Over the past nine years, the British Council Realise Your Dream programme has gained a reputation as one of Australia’s leading creative industry prizes.

Renowned for recognising Australia’s most promising emerging talent, Realise Your Dream nurtures Australian creatives through targeted career development in the UK creative industries. By tapping into a wide network of the UK’s finest practitioners, the British Council helps open doors to the experiences winners most need to develop professionally and creatively while making lasting UK connections that will inform their work for years to come.

So far, 40 awardees have travelled to the UK with Realise Your Dream, many of whom attribute their continued successes in the creative industries to the learning and connections made whilst in the UK.

The Prize

There are five Realise Your Dream awards up for grabs in 2011. Winners will receive:

  • $8000 cash as a NAB Cash Passport to assist with expenses in the UK
  • A return Virgin Atlantic economy flight to London
  • A tailored professional development programme, devised in consultation with the British Council

Who can enter?

Realise Your Dream is open to citizens and permanent residents of Australia in their emerging years of professional creative practice. This means that you should be working within the first 10 years of your career – or since you finished your undergraduate degree or equivalent experience.

They’re looking for applicants who show innovation and leadership in their field, can demonstrate their creative potential, and have a clear vision for their practice and for how it will benefit from a professional development trip to the UK.

Applicants must be holders of, or eligible for, a passport and any necessary visas for the UK.

Any place. Any thing. Any age.

The British Council believes that dreams can be as unique and diverse as our applicants are. Realise Your Dream doesn’t try to put creativity in boxes or limit its definition. They’re open to applications from emerging practitioners working or studying across the spectrum of creative fields including visual arts, design, architecture, music, digital media and performing arts. Applicants are encouraged from all corners of Australia and people of any age can apply.

Applications close 6pm Monday 4 July 2011.  For more information, please see

now showing > janicke johansen

6 06 2011

Janicke Johansen is a practising artist and designer with many years of study in both the Arts and Design Industries including a Visual Arts Degree and certificates in Interior Design and Desktop Publishing. She is also currently working part time as a primary teacher.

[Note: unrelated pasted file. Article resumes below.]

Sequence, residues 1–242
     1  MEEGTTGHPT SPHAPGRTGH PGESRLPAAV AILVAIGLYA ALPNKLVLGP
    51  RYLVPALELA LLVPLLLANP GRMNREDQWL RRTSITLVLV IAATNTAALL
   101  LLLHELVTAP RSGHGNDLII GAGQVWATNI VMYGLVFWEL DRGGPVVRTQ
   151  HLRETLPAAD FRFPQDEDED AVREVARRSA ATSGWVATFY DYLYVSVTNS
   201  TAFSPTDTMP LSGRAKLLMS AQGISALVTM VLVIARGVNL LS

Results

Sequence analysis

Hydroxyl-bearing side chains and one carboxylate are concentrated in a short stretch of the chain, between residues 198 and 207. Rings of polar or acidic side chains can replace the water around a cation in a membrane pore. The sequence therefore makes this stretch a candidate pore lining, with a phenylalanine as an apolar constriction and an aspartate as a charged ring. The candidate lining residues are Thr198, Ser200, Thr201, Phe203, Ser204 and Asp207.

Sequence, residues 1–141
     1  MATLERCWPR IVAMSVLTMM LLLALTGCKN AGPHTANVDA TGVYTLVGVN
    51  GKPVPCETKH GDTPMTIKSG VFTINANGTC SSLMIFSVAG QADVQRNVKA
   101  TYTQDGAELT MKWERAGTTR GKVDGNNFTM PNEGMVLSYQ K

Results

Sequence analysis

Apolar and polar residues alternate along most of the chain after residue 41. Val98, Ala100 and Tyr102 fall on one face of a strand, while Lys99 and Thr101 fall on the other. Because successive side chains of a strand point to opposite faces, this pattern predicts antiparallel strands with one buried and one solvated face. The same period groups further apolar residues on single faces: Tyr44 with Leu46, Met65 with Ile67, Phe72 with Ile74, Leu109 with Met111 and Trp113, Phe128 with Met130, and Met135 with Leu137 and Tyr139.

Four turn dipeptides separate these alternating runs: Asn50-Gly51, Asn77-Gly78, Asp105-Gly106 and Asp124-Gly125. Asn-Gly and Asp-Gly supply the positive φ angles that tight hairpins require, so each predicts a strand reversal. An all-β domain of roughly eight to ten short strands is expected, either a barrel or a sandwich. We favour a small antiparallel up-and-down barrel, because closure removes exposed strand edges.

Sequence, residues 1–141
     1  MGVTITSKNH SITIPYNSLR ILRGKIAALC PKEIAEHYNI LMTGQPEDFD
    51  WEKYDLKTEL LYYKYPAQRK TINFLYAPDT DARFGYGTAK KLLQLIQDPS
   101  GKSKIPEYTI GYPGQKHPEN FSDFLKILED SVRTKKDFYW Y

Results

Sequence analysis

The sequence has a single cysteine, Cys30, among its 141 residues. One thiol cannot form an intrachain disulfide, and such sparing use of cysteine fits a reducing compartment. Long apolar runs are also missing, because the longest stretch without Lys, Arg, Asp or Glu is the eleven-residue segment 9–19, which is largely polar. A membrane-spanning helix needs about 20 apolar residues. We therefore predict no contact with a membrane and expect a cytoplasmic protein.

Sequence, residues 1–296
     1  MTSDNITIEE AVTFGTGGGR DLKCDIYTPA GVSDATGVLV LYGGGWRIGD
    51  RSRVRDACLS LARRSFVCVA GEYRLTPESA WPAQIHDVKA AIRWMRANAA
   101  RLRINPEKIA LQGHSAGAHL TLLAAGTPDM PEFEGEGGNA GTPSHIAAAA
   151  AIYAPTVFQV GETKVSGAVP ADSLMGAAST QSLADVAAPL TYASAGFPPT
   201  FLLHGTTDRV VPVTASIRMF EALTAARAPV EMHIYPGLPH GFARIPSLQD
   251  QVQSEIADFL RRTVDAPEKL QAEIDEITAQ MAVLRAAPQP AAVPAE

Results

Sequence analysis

Janicke’s work is interpretive and modern combining textures, patterns and intense colours to create emotive responses to her immediate environment and emotional memory. There are recurring themes such as people, buildings scapes, flora and fauna that emerge from her work, often with a quirky and childlike innocence about them.

With concerns about current environmental issues, Janicke is determined to limit her impact on the earth by reducing, reusing and recycling resources such as water, paper and electricity.  Her ambition is to continue to limit further environmental impact and to pass on this message to current and future artists.

Janicke has four artworks on display and for sale at one hundredth gallery until 26 June 2011.

now showing > mark harman

1 06 2011

Mark has always been interested in art, colour, lines, textures and the aesthetic, having been an artist all through high school. But it wasn’t until a year backpacking overseas that he fell in love with the medium of photography. And it wasn’t until more recently that he started to become serious and dream of it as a career. He loves photography so much because of its versatility. To some it’s just a
memory prompter; to others it’s a historic record and to others art. Being able to find interest in the mundane is a challenge he enjoys.

Mark loves light and what it does: the shadows and reflections it casts, the negative and positive shapes, and the mood inherent in different times of the day. His biggest influences are the world around him; be it landscapes, colour, texture, macro, city streets, abstract urban fragments. Mark says he’s currently obsessed with Depth of Field and the beauty of bokeh, whether it helps tell a story by focusing the viewer’s attention or simply creates a smooth and silky background. He currently resides in Melbourne and loves the city for its art and sculptures.  He has also become obsessed with Japan after numerous visits, and the photographic opportunities that abound in a country obsessed with the aesthetic as well.

Mark has four artworks on display and for sale at one hundredth gallery until 26 June 2011.